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Protecting Tax Court Litigants and Revealing Records: A Conundrum for the Tax Court with a Simple Solution.

Posted on July 7, 2022

We have reported before here (reporting on the Estate of Michael Jackson) on a glitch in DAWSON, the Tax Court’s docket system, where the entire docket becomes sealed when the intent is to seal a specific document.  Recently, Chief Judge Kerrigan spoke at the NYU Tax Conference and indicated this glitch has been fixed or almost fixed, and the Court will begin unsealing dockets allowing non-parties to see the docket sheet and to potentially obtain unsealed documents in cases with one or more sealed documents.  Because I did not attend the conference, I am relying on an article in Tax Notes by Nathan Richman for this information.

This post will branch away from the sealing glitch to talk about Tax Court records in general and protecting certain documents currently available to the public.

Unsealing Dockets

It may take longer for some dockets to be unsealed because of their size. For example, whistleblower cases frequently have one or more sealed documents but generally do not have sizeable dockets. Cases involving large corporations, by contrast, may have only one sealed document but typically have huge dockets. Apparently, unsealing a docket takes a bit of effort in cases with hundreds of entries. Of course, some judges will review and unseal their dockets more quickly than others.

General Public Access to Documents

According to Nathan’s article, former Chief Counsel Michael Desmond asked the Chief Judge if the DAWSON developments will lead to a new policy regarding public access to Tax Court documents (similar to PACER and other courts that allow remote electronic access to case documents). The article states:

Kerrigan noted that there’s a kiosk in the court’s Washington courthouse that allows more electronic access than is available to taxpayers using just the court’s website. She said she hopes that will help but that she isn’t sure if the court’s rules committee has rethought its position on remote electronic access.

The “kiosk” is a table in the tiny foyer of the Tax Court’s record office on its ground floor which houses two computer terminals that allow access to essentially all unsealed documents in the Court’s docket at no charge.  Printing was not available the last time I was there, which was pre-pandemic.  Someone using these terminals must take notes on the files they view or order the documents from the clerk’s office on a form which is readily available, but at a cost of $.50 per page capped at $3.00 per document.  Several years ago the Court posted signs warning users not to take pictures of the documents, perhaps in response to an earlier post.

Of course, unsaid in the Chief Judge’s quote regarding the kiosk is the fact that that the Tax Court building has been inaccessible to the public for most of the past two years making access to the terminals impossible. Further, just getting to the Court is expensive and time consuming for most taxpayers and practitioners. I still do not understand why the Court cannot provide access in the same way as PACER so that filings may be accessed wherever the requestor may be. This limitation is especially confounding now that the Court has started embracing the modern era by hosting zoom-based trials. My views are not new; I have written on several occasions about the lack of public access.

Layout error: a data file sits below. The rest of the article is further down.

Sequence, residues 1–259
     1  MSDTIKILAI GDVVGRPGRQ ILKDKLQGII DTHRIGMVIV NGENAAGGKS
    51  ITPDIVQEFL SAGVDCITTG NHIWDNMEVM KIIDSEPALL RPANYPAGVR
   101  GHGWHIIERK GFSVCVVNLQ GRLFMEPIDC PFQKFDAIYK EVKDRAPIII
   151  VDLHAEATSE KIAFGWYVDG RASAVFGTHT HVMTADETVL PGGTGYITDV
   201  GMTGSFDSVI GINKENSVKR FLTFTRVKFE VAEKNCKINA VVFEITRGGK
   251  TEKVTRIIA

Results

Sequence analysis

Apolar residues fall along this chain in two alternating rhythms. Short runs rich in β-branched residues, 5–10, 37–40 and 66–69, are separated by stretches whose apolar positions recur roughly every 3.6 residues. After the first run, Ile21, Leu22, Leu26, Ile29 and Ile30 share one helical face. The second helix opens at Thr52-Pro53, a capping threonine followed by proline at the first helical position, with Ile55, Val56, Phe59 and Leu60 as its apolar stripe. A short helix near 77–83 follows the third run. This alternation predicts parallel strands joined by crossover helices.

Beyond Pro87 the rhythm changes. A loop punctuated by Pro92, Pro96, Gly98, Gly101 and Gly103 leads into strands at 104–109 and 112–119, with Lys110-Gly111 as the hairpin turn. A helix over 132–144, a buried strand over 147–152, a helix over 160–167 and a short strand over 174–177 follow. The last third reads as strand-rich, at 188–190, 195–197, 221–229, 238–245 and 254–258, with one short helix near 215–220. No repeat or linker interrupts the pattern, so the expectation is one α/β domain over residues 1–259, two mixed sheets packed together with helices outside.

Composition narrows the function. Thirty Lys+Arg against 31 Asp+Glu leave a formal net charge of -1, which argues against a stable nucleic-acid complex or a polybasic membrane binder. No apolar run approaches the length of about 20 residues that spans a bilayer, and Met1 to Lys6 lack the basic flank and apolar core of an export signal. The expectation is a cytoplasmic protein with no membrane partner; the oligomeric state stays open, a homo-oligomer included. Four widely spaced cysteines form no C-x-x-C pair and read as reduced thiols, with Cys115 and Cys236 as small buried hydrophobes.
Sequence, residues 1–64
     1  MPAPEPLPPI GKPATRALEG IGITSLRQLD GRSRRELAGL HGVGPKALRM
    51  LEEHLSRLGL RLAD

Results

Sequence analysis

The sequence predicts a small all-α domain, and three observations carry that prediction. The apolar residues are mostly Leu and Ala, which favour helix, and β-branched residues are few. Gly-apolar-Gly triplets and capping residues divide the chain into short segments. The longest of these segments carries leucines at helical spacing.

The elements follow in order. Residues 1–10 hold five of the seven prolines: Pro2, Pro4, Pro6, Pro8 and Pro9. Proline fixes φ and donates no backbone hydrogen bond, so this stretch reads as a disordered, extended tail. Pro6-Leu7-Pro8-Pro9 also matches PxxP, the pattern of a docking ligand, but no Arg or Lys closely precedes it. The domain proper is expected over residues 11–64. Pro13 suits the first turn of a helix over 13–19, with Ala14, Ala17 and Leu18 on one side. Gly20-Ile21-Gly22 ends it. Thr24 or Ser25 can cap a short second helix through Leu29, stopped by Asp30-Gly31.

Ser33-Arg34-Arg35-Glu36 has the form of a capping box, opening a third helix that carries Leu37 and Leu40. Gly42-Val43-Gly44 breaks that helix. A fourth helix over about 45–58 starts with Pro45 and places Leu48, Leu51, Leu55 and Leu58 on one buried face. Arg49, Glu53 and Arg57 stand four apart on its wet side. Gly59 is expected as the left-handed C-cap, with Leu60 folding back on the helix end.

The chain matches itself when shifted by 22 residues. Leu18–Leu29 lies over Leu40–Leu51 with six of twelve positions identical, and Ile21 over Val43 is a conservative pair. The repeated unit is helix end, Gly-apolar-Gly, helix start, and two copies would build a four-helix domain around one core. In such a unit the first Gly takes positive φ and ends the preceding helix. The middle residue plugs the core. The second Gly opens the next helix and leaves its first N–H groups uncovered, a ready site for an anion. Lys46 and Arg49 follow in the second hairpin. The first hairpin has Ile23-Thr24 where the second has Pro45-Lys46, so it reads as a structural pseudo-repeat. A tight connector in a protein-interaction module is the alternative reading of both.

It was interesting to see a quote in the article from the National Taxpayer Advocate, who also seeks greater access:

Afterward, National Taxpayer Advocate Erin Collins told Tax Notes that her lack of access to case dockets beyond what’s now publicly available impedes her statutory duty to report on the most litigated issues in Tax Court. “Furthermore, the whole taxpayer public suffers from the lack of open access to non-sealed filings in the Tax Court,” she said. “I’d encourage the court to use DAWSON to increase electronic access to filings.”

Sealing or Protecting More Documents

As important as access to documents may be, it is even more important that taxpayers know they can seek Tax Court review without fear for their personal safety. Sealing documents filed by individual taxpayers protects the important statutory right to Tax Court review. The sealing process and the general process of deciding what is public plays a critical role in protecting taxpayer rights beyond providing general record access.

Before discussing the importance of circumscribing access to pleadings, let’s look at some history. Back in the pre-DAWSON era when the Court was issuing designated orders, Patrick Thomas wrote a thorough post looking at the levels of sealing, how the Tax Court went about it, and how some other courts considered this issue.  He had some suggestions for the Tax Court on how to approach sealing that still maintain currency.  Commenter-in-Chief Bob Kamman wrote a post on sealing records, particularly with regard to sealing the taxpayer’s address.  His post includes thoughtful comments on the process.  I also thought about that issue in a Tax Notes article linked through this post.  Guest blogger Sean Akins wrote the first post on sealing that we published, and infused it with his knowledge of physics as well as explaining the applicable rules.